A Trust and Safety team should start a credit or debit card fraud investigation by collecting details surrounding any transactions the cardholder has disputed. It should look for unusual patterns in things like when the transactions took place and where they were initiated (i.e. geolocation and/or IP address). It should also analyze the actual cardholder’s previous account activity to assess whether or not they would have likely made these purchases anyway.
Wire fraud is a very broad category of fraud. It refers to using any type of electronic telecommunication (as opposed to physical mail) to attempt to deceive someone for profit intentionally. It can include advance fee fraud, phishing, hiring scams, and telemarketing fraud.
Wire fraudsters tend to strike quickly and then disappear just as fast, so time is of the essence in wire fraud investigations. That’s why it’s important for marketplace Trust and Safety teams to have processes in place for swiftly documenting details such as:
This information will help financial institutions and law enforcement further investigate these cases of fraud.
Criminals are increasingly using cryptocurrency in their schemes to defraud people. This is because cryptocurrency payments are difficult to reverse due to how the blockchain infrastructure on which they operate works. They also by and large lack legal protections, unlike credit and debit payments, because crypto regulations are still being developed.
Crypto fraud contains many of the hallmarks of wire fraud, such as suspicious “too good to be true” investment offers that supposedly need to be acted on urgently. Investigating it requires tracing a fraudulent transaction to a cryptocurrency wallet, then using KYC processes to attempt to identify the wallet’s owner. From there, the investigation usually requires law enforcement to issue legal orders in order to recover the stolen money.
The process of investigating marketplace fraud can differ depending on the specific type of fraud being carried out, as well as its scope. However, some general steps taken in most or all investigations include the following:
Potential fraud activity in a marketplace can be detected in multiple ways. A customer might file a complaint disputing a transaction. Or the marketplace’s suspicious activity monitoring tools pick up indicators of unusual exchanges. Or an internal audit might find strange patterns.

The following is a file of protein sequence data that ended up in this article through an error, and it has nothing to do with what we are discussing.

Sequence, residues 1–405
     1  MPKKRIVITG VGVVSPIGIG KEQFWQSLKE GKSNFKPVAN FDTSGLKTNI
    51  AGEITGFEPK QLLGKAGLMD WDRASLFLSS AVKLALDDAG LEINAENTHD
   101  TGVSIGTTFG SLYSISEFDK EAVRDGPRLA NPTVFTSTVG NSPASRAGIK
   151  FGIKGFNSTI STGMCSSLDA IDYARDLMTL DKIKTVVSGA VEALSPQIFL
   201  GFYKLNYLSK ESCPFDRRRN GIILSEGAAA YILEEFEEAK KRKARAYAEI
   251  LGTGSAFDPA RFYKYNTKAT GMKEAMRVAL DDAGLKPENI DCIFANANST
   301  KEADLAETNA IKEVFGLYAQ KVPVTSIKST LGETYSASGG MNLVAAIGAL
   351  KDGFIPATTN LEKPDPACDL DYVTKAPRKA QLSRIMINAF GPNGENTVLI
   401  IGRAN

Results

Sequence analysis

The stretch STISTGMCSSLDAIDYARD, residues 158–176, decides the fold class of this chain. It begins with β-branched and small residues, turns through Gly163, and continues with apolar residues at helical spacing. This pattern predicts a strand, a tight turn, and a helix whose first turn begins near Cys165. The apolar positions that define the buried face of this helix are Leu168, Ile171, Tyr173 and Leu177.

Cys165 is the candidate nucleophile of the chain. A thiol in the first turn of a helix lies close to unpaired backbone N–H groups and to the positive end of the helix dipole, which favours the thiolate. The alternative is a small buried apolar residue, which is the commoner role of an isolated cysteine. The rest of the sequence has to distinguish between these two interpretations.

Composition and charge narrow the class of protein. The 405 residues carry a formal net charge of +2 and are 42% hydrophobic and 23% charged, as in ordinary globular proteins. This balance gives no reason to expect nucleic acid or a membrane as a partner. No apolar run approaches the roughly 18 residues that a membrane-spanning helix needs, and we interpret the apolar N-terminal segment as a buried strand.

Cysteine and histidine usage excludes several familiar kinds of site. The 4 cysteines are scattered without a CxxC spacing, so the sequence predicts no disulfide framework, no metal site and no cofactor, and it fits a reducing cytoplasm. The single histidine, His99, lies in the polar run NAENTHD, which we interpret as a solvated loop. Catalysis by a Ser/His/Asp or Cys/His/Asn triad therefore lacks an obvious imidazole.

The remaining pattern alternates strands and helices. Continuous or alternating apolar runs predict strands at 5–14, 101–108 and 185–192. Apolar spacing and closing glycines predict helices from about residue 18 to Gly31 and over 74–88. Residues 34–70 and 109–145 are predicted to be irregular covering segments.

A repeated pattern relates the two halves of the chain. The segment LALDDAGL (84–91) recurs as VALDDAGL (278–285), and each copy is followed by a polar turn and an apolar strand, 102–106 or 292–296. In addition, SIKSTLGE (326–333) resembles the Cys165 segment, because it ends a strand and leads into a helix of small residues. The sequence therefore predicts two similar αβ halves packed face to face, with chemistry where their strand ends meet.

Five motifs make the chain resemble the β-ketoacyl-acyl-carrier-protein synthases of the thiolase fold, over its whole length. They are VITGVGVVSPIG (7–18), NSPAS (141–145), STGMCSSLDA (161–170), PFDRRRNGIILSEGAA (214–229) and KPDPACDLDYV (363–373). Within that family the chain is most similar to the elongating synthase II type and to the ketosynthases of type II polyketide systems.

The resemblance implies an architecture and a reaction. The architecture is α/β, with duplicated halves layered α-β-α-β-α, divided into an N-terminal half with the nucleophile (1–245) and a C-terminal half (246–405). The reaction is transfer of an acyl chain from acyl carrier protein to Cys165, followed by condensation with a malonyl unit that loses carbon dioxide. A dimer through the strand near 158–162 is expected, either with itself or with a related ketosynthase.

Perform an initial examination of evidence on hand to judge whether there is a need to investigate the situation further. Ask questions such as:
If it’s determined that the suspicious activity is likely fraud, a Trust and Safety team needs to put a plan in place for how it will investigate further. Things to consider include:
Once an investigation plan is in place, a Trust and Safety team should quickly request, collect, and preserve any relevant documents before they are deleted or destroyed. These may include paper documents as well as emails, account profiles, transaction logs, text messages, and so on. Analyzing the evidence using fraud investigation software can help the team decide how best to approach interviewing other people or entities relevant to the case.
Next, a Trust and Safety team should correspond with individuals and entities that may be able to provide further information. These include customers, merchants, financial institutions, etc. Analysis of the gathered evidence should inform considerations such as:
After analyzing collected evidence and interviewing relevant parties, the Trust and Safety team should write a summary of the case thus far. This should include an analysis methodology that leads to a conclusion of what happened in the incident. It should also include any suggestions for resolving the case, as well as preventing similar abusive behavior going forward.
Write the report for a general audience, as both internal and external stakeholders may want to read it. Also note in it whether the case is potentially criminal in nature, and therefore may require law enforcement to get involved.